Sorry, but no apologies.

Don’t apologise. Don’t apologise for pausing, don’t apologise for returning to an earlier point and never apologise for being a bad speaker. First, it’s not actually kind to your audience; if they think your speaking is fine then you’ll be questioning their judgement, if they don’t then lengthening your presentation with apologies won’t help.  Adjusting your speech as you go also has some element of speaking off the cuff; it may not be what you intended but it’s still a skill admired by many. Apologies don’t just make you appear out of control, they can make you feel out of control too, and that drops your confidence again letting those presentation nerves back in. Of course, the exception to this is when the intent of your speech is an apology; particularly if your solicitor has helped you draft an apology then follow their instruction and be polite to the judge.

Tell yourself you look good.

Before you present do give a moment or two to your appearance. I’m not one for fussing greatly about clothes, hair, or makeup, and please don’t ask me for fashion advice. I’m absolutely not advising what you should wear but I do have some clothes confidence guidelines to avoid those presentations nerves.

  1. Consider that photos get taken all the time in lots of situations; if they do will you look back and wish you had worn something that fits you better or wish that you’d combed your hair?  Wear something you feel reasonably OK in and check that you look tidy.
  2. If you have a vision of how a successful, confident person dresses aim for that look. It will help you fool your brain into expecting success in your presentation. We often meet our own expectations so that counts for a lot.
  3. Wondering if you should dress up but know that your audience is going to be casual? Don’t be afraid to dress slightly smarter than your audience. If you are talking ‘technician to technician’ or ‘artist to artist’ you probably don’t need to go overboard to come across as a hands-on person.  Make the decision based on how you feel.

Think about these things beforehand and then remind yourself that you have done the best you can; the point is not to be ‘correct’ but to avoid distracting ourselves during the presentation. The reality is that we are our own harshest critics when it comes to looks. So if you are going to worry do it before you speak and carry a comb.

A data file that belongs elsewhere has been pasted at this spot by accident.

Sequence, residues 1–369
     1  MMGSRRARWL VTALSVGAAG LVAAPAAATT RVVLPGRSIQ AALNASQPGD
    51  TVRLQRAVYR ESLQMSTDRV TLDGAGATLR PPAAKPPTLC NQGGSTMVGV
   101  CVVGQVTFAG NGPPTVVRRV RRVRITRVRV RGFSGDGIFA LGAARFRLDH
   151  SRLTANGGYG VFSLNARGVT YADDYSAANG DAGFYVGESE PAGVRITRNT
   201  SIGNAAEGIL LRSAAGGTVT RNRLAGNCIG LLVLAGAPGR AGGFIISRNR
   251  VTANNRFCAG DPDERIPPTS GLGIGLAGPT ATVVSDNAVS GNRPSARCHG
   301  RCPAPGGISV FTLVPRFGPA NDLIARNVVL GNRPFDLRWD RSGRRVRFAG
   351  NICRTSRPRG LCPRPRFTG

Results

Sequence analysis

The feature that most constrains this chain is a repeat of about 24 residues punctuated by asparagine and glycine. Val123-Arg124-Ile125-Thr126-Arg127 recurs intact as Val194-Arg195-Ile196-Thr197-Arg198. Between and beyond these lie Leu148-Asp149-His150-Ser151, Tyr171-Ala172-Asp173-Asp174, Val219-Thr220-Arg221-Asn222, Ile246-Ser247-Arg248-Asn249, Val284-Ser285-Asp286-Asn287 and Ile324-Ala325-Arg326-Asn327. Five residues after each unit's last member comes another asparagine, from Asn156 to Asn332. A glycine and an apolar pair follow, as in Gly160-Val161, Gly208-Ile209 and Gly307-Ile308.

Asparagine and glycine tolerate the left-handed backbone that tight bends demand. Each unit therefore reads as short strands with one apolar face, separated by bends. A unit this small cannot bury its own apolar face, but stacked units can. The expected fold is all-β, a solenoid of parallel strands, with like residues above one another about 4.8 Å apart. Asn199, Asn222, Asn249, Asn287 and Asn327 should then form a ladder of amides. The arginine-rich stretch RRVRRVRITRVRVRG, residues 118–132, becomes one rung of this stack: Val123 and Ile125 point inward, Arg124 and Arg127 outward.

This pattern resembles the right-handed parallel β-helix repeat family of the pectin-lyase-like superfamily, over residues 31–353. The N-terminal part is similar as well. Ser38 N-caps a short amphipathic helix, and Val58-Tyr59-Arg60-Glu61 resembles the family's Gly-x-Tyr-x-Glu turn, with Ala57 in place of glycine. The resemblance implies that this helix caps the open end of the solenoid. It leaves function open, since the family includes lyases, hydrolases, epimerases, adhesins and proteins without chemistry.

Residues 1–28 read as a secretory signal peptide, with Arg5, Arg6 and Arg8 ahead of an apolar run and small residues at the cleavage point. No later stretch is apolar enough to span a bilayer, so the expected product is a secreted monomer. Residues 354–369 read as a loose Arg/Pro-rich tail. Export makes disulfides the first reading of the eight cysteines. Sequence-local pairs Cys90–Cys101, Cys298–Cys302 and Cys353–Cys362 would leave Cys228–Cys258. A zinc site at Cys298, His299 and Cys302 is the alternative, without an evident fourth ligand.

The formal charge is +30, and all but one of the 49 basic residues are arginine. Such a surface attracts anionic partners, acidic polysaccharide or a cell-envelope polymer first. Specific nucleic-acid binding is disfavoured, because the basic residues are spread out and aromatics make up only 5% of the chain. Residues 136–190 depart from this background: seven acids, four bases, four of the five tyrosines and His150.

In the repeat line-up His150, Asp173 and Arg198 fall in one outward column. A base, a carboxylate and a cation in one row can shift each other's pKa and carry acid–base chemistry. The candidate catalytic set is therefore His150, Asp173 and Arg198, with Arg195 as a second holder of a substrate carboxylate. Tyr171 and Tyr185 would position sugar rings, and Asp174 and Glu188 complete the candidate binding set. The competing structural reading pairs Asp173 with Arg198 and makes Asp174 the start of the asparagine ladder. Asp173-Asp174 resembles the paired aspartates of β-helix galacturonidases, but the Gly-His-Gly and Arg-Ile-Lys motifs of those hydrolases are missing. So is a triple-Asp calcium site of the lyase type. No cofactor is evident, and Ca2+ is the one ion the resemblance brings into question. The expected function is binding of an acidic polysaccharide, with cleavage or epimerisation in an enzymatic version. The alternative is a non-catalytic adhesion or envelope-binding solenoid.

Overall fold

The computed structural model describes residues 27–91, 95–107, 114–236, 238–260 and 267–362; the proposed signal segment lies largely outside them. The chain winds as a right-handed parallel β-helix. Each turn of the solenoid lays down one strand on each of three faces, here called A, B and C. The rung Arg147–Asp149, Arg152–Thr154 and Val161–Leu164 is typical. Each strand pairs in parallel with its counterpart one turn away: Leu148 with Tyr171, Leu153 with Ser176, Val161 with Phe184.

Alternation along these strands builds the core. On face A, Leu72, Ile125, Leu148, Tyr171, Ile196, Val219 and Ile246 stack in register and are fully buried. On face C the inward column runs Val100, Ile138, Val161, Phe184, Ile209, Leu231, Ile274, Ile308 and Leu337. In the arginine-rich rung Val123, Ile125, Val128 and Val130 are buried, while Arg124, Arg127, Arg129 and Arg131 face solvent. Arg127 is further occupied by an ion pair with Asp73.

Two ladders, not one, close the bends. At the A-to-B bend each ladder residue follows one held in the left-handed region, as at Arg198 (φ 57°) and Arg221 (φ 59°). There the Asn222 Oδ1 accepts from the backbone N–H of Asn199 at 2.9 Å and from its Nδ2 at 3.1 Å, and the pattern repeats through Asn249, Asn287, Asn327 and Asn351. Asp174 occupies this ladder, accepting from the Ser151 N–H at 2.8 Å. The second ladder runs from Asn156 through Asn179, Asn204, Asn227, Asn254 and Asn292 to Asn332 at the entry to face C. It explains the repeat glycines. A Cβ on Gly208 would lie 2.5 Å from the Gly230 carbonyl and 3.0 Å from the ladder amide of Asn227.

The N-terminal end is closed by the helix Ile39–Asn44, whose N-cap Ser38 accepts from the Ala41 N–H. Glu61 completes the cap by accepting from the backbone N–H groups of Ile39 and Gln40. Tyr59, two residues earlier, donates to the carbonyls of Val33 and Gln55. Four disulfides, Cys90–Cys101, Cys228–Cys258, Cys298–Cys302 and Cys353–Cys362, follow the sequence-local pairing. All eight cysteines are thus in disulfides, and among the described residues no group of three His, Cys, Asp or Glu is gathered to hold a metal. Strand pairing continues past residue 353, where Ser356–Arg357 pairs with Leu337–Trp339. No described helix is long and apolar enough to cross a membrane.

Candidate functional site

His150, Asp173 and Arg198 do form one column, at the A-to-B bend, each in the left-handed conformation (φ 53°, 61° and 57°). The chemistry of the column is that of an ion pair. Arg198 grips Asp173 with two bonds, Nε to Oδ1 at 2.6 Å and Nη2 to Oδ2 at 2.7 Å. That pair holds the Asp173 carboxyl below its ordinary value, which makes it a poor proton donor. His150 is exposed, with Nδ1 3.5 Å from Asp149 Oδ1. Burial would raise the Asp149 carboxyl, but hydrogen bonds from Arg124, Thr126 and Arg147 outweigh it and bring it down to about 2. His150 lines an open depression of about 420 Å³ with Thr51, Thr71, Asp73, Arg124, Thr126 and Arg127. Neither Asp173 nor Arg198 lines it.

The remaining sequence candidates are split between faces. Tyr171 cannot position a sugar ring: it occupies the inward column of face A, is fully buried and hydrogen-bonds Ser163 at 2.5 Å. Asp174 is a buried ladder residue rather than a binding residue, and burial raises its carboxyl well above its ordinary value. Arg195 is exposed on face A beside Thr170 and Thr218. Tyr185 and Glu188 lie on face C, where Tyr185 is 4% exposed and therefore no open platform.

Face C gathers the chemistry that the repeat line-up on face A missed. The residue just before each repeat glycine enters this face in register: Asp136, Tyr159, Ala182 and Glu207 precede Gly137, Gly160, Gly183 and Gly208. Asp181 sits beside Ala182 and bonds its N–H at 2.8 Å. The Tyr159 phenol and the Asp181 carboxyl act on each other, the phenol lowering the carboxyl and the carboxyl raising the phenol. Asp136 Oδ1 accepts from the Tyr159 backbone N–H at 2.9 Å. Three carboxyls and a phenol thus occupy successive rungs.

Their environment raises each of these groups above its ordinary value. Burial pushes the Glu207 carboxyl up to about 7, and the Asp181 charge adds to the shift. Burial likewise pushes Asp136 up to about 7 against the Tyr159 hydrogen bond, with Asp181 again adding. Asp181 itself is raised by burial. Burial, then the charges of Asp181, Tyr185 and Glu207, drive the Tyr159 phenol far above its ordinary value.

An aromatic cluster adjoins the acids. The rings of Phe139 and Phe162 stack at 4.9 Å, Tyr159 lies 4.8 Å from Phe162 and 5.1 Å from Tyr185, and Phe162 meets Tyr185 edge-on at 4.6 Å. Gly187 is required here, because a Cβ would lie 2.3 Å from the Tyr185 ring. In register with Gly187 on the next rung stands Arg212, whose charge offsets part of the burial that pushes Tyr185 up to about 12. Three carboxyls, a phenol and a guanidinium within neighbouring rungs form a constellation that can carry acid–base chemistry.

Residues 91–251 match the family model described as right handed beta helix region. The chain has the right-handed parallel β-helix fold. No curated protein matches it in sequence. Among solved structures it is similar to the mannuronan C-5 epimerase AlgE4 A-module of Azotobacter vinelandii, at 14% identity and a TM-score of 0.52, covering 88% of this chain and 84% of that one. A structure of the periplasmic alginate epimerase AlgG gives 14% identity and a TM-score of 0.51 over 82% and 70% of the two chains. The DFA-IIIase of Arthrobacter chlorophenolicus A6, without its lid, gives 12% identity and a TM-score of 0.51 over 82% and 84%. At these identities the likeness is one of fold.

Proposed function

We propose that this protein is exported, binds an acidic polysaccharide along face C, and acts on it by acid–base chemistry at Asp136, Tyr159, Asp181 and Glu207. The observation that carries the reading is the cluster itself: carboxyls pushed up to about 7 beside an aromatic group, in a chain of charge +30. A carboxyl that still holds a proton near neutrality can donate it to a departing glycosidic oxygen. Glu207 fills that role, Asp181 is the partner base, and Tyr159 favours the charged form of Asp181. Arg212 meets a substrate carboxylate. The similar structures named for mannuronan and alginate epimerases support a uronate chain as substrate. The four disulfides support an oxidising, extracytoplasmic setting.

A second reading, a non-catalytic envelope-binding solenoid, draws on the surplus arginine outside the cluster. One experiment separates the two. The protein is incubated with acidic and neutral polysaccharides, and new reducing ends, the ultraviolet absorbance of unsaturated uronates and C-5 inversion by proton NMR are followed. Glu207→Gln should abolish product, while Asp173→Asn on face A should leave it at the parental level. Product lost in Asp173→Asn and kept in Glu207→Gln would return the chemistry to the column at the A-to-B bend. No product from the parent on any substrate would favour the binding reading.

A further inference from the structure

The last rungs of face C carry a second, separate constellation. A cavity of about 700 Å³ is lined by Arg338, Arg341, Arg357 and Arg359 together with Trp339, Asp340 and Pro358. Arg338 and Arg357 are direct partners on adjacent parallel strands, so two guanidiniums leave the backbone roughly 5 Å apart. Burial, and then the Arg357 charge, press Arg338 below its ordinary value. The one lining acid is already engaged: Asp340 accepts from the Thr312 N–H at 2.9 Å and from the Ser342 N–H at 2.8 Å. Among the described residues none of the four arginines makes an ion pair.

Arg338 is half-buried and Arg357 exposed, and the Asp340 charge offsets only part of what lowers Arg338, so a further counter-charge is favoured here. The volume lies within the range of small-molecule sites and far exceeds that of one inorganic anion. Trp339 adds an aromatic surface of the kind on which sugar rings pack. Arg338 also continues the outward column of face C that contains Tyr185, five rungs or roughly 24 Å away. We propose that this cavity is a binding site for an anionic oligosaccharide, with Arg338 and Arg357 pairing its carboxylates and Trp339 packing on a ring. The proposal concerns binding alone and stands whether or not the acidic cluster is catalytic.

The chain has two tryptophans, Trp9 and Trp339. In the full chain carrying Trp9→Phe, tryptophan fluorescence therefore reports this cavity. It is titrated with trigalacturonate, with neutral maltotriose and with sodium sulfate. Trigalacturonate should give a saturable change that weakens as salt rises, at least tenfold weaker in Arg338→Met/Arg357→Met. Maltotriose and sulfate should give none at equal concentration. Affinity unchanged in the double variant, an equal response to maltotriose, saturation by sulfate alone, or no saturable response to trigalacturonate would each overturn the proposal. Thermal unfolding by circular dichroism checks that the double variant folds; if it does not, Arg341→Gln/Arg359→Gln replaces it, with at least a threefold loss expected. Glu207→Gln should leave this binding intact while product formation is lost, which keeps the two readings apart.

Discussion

Be comfortable with your material

Practise as much as you can. If you have slides practise with them. The point of practice is so that you are familiar with what you are presenting, not that you are word perfect. If you miss something out or use a different phrase to the one you intended your audience won’t know; if you know your material well enough you will get your point across. You won’t always get as much chance to practise as you want. At work, you may get very little time at all, but try to use what time you can. It’s great to surprise your audience. But it’s not so great for our inner confidence when we are surprised by our own words.

Use notes with confidence.

A lot of people worry that using notes makes them a lesser presenter but they can be used well. Actually, there can be great reasons to use them. You won’t always get time to learn your presentation and there may be important points you can’t afford to miss. A presentation with notes used smoothly is much better than a badly done presentation without. Practise your presentation using bullet point notes, they will help you keep on track. With practice, your notes will be a comforting reminder rather than a revelation. And if presentation nerves do strike they’ll be there to get you back on track.

A final thought: Be your own friend

We are all our own worst critic, if you only have one friend in the room let it be you.

There are loads of top 10 lists, top 3 lists, things to avoid lists, things to remember and things to make you a presenting superhero lists available. Few are new, they generally agree but some will resonate better with you or your situation. These ideas all work to help you improve your skills, but most take time to practise. What I’ve included here are some ideas that you can use while you develop those other skills. Remember, the thing that stops us performing at our current best is lack of confidence. Fear of speaking can distract us, restrict our vocal cords and make a few minutes seem like infinity; so be kind to yourself – you’re going to be fantastic.